1. Did the design include appropriate controls? No, this was a case study.

                                                                      

  • Were preintervention data collected on all behaviors? Yes

 

  • Did intervention data include untrained stimuli? Yes

 

  • Did intervention data include trained stimuli? No

 

  • Was the data collection continuous? No

 

  • Were different treatment counterbalanced or randomized? NA

 

 

  1. Were the outcome measures appropriate and meaningful? Yes

 

– The outcomes/dependent variables included

  • OUTCOME #1: Performance on the Porch Index of Communicative Ability (PICA) – Overall score
  • OUTCOME #2: Performance on the PICA – Gestural score
  • OUTCOME #3: Performance on the PICA – Verbal score
  • OUTCOME #4: Performance on the PICA – Graphic score

 

All the outcomes were subjective.

 

None of the outcomes were objective.

 

–  No reliability data were provided. (

 

 

  1. Results:

 

Did the target behavior(s) improve when treated? Yes

 

– The quality of improvement on the outcome was

 

  • OUTCOME #1: Performance on the Porch Index of Communicative Ability (PICA) – Overall score: moderate
  • OUTCOME #2: Performance on the PICA – Gestural score: moderate
  • OUTCOME #3: Performance on the PICA – Verbal score: moderate
  • OUTCOME #4: Performance on the PICA – Graphic score: limited

 

 

  1. Description of baseline:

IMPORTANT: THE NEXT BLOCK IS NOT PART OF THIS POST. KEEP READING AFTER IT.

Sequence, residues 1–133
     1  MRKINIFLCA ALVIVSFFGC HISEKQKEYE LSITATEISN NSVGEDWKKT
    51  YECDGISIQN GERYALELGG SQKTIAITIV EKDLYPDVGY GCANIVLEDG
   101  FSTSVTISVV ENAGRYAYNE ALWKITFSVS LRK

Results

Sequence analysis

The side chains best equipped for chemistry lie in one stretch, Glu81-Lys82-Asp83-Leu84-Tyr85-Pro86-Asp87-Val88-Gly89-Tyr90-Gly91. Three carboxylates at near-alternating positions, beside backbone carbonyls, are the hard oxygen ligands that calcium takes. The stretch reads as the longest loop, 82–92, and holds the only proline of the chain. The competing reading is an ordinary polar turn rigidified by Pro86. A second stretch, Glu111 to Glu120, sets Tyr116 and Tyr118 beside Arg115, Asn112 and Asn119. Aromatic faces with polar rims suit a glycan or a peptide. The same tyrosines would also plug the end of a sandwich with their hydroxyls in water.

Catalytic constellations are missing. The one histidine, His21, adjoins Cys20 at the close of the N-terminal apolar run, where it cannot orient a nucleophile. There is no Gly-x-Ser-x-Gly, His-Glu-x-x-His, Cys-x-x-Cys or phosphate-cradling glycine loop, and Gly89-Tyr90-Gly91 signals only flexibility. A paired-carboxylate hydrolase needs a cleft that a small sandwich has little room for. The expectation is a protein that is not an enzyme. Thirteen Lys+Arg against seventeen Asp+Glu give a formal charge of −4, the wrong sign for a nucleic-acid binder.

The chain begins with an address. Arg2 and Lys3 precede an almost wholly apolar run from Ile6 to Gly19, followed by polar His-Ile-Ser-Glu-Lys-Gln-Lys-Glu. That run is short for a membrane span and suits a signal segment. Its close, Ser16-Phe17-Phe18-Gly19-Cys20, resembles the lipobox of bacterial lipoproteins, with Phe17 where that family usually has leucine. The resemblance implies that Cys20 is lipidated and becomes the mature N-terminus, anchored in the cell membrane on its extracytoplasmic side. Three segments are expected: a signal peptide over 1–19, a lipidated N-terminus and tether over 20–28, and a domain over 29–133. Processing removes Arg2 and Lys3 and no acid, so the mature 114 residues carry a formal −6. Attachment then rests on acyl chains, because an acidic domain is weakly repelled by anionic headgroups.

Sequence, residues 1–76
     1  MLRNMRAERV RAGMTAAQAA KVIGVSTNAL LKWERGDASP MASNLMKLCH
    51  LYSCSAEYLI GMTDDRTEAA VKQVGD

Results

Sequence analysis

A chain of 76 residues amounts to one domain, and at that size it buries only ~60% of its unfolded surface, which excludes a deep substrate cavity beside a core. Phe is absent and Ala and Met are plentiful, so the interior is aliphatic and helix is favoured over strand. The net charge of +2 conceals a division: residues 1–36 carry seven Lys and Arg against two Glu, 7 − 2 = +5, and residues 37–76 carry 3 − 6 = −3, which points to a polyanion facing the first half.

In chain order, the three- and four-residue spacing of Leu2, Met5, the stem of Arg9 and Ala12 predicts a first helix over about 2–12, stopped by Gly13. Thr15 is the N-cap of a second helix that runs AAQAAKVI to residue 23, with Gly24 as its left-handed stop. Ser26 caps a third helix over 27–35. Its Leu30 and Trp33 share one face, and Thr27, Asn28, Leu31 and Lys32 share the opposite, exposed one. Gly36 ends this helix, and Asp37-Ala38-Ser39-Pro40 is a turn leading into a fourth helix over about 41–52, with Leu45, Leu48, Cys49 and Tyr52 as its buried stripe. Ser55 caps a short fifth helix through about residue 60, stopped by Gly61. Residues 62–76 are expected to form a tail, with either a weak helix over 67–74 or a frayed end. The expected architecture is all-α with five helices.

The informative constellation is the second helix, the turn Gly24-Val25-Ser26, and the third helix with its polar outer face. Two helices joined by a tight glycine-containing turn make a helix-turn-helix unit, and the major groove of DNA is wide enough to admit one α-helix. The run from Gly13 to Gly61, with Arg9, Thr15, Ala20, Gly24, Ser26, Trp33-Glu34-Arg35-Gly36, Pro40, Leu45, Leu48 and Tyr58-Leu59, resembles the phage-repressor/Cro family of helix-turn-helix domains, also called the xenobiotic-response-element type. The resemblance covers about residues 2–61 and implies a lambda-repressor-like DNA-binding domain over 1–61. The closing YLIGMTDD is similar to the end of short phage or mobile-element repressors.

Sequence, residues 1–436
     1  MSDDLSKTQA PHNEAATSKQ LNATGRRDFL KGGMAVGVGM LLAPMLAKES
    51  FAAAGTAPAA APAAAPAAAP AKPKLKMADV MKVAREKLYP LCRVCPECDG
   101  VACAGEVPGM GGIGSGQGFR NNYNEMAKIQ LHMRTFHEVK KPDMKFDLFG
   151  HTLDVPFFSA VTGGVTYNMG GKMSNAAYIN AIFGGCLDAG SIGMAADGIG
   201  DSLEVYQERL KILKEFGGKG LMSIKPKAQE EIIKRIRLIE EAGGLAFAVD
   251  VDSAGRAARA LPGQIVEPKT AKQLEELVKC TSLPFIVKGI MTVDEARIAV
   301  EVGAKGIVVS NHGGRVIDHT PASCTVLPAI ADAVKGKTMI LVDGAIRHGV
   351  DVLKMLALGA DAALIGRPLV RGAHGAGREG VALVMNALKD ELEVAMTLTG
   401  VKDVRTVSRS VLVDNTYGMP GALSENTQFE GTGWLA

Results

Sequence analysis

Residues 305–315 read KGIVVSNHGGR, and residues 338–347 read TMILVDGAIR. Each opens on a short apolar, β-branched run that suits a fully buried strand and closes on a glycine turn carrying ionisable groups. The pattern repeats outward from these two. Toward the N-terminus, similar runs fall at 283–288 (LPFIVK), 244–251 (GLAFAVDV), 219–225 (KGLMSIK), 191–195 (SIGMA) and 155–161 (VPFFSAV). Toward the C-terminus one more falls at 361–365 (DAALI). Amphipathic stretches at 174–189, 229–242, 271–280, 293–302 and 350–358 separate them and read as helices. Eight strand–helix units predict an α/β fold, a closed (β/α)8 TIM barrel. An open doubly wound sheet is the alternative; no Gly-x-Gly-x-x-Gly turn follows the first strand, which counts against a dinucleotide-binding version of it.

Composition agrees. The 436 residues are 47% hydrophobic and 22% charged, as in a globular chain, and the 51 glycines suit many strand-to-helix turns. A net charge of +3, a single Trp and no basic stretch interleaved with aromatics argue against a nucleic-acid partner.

• Were baseline data provided? No

 

 

  1. What is the clinical significanceNA

 

  1. Was information about treatment fidelity adequate? Not Provided

 

 

  1. Were maintenance data reported?

 

 

  1. Were generalization data reported? Yes
  • The PICA was not taught in therapy and can be considered generalization data. See item 8 for results.

 

 

  1. Brief description of the design:
  • The authors provided quotes from historic (as early as 18th century) documents describing links between singing and aphasia. In addition, they postulated the basis of links between singing and language.
  • The authors presented a case study of a woman with apraxia and aphasia who profited from the incorporation of singing into therapy.

 

 

ASSIGNED OVERALL GRADE OF THE QUALITY OF SUPPORT FOR THE INTERVENTION: D+

 

 

SUMMARY OF INTERVENTION

 

PURPOSE: To describe the use of singing with a P with aphasia and apraxia

 

POPULATION: Aphasia, Apraxia; Adult

 

MODALITY TARGETED: production

 

ELEMENTS OF PROSODY USED AS INTERVENTION: music (rhythm, pitch, stress)

 

OTHER ASPECTS OF LANGUAGE/COMMUNICATION TARGETED: performance on the PICA: overall, gestural, verbal, and graphic scores

 

DOSAGE: inpatient dosage was not clear; outpatient dosage was 1 time a week with homework

 

ADMINISTRATOR: SLP

 

MAJOR COMPONENTS:

 

  • C sang a familiar song and directed P to repeat the song.

 

  • The C sang a carrier phrase and pointed to a common object, item, or body part (e.g., “This is my _____” while pointing to P’s hand.) P was to sign the name of the item or body part.

 

  • P practiced singing functional requests (e.g., “I want coffee,” “Hello,” “See you tomorrow,”)

 

  • C encouraged P to use singing to communicate on the hospital ward.

 

  • After discharge, P continued working and a workbook was incorporated into treatment.

 

  • At this point, P could initiate communication without singing but produced rhythm and pitch that sounded musical. Moreover, her speech contained grammatical and word finding errors as well as apraxic errors (.g., false starts, sound substitutions, final consonant deletions, etc.)

 

  • Following 2 months of treatment, the P was no longer needing to use singing to communicate. She still exhibited considerable communication impairment.